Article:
Two Moratoriums

A black and white photo of a group of students outside Converse Hall
Fifty years ago, the usual daily life on campus came to a halt, twice.

In 1969, with student uprisings at Columbia University and UC Berkeley still fresh, and amid reports at Amherst of a planned takeover of Converse, the College formed an ad hoc committee to discuss student concerns. The faculty subsequently voted to suspend “all academic and extracurricular activities” for two days, starting Monday, April 28.

Nearly a week of gatherings ensued, attended by more than 1,000 students and faculty. Students generated position papers and questions on issues such as Vietnam, civil rights and coeducation. The students and faculty signed on to a series of resolutions, including one recommendation that Amherst President Calvin Plimpton ’39 write to U.S. President Richard Nixon, “expressing our concern as a committed institution for the existing relationship between the crises on the university campus today and the larger ills of society.”

A young man speaking to students in Johnson Chapel
Plimpton did just that, writing that campus unrest “results not from a conspiracy by a few, but from a shared sense that the nation has no adequate plans for meeting the crises of society.”

A second moratorium, organized by the Afro-American Society, followed in mid-May, addressing the rifts between black and white students on campus. This second moratorium attracted 400 participants and included a campus visit by the author Ralph Ellison.

“As Ralph Ellison pointed out, we are victims in the present of a false portrayal of the past, which can cause disaster in the future,” The Amherst Student wrote in an editorial, calling the moratorium the beginning of a conversation “which can direct blacks and whites to the formation of a movement of coalition, a culture of coalition.”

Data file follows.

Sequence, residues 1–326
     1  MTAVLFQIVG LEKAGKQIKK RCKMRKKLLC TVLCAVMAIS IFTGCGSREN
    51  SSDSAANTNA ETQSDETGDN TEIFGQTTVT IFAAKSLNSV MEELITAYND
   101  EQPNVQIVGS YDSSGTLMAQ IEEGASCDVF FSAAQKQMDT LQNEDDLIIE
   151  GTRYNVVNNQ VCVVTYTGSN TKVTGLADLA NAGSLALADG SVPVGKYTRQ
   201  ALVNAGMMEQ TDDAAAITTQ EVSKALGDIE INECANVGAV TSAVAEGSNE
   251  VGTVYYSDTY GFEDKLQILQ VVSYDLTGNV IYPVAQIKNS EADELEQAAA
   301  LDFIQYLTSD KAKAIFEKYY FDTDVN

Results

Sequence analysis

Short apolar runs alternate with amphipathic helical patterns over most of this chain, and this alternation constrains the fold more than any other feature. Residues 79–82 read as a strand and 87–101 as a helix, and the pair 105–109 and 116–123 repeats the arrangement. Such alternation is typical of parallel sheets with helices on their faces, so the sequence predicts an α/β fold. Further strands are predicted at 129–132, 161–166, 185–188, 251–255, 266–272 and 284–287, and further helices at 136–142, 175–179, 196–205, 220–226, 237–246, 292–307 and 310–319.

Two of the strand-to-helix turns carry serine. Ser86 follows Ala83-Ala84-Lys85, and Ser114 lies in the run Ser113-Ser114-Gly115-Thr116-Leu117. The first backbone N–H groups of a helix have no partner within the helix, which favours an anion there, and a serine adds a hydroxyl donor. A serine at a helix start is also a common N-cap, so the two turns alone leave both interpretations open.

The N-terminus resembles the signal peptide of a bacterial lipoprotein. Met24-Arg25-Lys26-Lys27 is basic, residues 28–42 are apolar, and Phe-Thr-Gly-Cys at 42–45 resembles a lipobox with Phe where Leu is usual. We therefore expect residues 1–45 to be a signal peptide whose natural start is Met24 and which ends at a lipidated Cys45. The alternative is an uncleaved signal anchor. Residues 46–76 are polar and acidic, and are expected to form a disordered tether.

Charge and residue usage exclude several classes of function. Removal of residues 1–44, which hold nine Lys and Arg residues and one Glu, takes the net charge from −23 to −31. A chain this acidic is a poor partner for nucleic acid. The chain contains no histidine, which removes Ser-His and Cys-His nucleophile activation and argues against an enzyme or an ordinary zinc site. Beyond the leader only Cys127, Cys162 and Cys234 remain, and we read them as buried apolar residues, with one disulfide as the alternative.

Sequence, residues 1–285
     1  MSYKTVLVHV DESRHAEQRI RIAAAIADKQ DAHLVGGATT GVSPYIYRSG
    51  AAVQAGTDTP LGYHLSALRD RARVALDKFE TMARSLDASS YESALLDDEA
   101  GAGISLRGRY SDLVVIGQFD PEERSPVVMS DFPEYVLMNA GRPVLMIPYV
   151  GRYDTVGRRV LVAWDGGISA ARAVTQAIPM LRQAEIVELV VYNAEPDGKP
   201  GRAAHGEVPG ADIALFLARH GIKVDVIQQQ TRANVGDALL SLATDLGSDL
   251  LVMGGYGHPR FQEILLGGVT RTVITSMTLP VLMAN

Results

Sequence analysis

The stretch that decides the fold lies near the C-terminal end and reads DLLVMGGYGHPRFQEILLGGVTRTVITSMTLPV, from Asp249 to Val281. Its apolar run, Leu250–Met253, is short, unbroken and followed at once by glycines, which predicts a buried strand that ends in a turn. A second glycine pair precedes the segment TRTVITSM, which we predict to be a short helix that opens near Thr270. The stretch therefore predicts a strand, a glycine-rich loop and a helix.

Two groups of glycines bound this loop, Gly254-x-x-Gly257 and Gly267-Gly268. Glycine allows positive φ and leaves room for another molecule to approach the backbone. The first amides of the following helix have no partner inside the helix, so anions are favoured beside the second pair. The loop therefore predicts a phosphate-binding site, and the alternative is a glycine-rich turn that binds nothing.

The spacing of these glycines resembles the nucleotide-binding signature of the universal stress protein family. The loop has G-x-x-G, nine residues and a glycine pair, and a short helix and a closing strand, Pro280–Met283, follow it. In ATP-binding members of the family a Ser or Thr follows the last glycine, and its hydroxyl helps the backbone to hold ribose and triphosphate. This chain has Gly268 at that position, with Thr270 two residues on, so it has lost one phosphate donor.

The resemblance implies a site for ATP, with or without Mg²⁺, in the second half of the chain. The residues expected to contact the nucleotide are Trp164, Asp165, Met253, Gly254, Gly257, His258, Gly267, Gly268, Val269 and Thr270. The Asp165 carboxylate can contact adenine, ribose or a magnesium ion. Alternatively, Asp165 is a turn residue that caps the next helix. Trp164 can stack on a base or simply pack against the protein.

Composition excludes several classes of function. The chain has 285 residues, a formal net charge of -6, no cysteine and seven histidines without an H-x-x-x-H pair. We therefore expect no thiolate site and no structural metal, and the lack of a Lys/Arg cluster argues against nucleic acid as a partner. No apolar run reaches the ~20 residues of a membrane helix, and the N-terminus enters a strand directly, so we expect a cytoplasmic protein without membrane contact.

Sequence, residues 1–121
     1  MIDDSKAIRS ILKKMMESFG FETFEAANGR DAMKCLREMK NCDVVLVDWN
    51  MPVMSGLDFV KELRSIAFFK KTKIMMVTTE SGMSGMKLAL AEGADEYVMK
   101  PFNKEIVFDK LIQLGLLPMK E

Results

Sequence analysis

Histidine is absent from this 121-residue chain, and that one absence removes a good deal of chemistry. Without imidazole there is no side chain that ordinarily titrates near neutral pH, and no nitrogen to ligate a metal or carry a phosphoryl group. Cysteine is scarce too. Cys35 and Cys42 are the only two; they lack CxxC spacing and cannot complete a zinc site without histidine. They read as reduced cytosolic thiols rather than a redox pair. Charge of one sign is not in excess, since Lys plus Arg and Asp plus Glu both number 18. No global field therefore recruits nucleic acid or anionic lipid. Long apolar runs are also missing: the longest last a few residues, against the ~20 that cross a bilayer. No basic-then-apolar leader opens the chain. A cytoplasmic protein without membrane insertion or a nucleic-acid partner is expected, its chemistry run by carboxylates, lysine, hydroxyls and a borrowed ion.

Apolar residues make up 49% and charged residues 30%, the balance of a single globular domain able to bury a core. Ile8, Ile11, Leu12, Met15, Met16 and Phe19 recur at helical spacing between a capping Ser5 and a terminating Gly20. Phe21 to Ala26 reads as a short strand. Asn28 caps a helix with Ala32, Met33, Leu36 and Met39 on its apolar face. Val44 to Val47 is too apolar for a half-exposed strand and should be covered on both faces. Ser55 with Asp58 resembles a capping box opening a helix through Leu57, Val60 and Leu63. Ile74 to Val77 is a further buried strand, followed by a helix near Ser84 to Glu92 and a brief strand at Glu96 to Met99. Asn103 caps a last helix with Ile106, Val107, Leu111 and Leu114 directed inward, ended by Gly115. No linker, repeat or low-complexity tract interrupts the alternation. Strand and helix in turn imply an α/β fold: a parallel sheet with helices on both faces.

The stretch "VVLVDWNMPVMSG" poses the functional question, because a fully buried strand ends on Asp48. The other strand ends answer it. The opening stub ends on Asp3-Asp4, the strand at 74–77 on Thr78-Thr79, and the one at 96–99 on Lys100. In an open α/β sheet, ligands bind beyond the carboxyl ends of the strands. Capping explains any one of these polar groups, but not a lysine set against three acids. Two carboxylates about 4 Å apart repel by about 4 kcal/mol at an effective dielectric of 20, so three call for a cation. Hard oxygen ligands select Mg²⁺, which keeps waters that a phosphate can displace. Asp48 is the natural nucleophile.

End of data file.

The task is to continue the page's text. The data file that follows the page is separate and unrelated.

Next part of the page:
It was indeed a continuing process. Though it was preceded by the April 1969 faculty vote to implement a black studies program, the second moratorium left other issues unresolved, such as student demands for the the hiring of a black dean, the inclusion of African and Asian languages in the curriculum, and support for a Black Culture Center.

Coeducation: A Preview

The cover of a 1969 edition of the Amherst Alumni Magazine
In 1969, official coeducation was several years away, but more women were coming to campus.

As the Alumni News reported in 1969, the College accepted 32 female exchange students that year. Twenty-three of them—most from Smith and Mount Holyoke—spent a semester at Amherst full-time. One Vassar student, Jane Greenblatt, wife of Dan Greenblatt ’70, stayed the year.

And where previously the College had barred women from dorms and fraternity houses outside of specific “parietal” hours (prior to 1962, they were totally barred), the 1969 faculty and trustees endorsed a proposal that would allow individual residences to decide on rules for female overnight guests.

For the Summer 1969 Alumni News cover, photographer Jim Gerhard ’64 supplied shots of two young girls reacting to the news of women coming to Amherst. One of them, Julie Tank, daughter of Edward S. Tank Jr. ’54, was portrayed with her mouth agape in apparent glee at the news. She’d go on to enroll at Amherst, graduating in 1983.

Folksy Commencement

Perhaps the most unusual feature of 1969’s commencement ceremony was the folk rock performance by Lawrence E. Dilg Jr. ’69 and Mr. Grasshopper’s Moonlight Band singing two songs intended to capture “the attitude of the senior class.”

It caused psychologist, educator and civil rights activist Kenneth B. Clark, present to deliver the commencement ad- dress and receive an honorary doctorate, to remark, “You have won! You managed to transform the sadomasochistic ritual of commencement into an occasion of joy. My generation can no longer use a commencement address as a weapon. It is not adequate, either offensively or defensively.”

Some students wore armbands in protest of issues unclear to the Alumni News reporter covering the event, and “about a half dozen students could bring themselves to wear no or only part of their academic cap-and-gown attire, and a few crossed the stage in sandals or barefooted.

“One, bearing a striking resemblance to the Messiah, wore a multicolored robe of his own making.”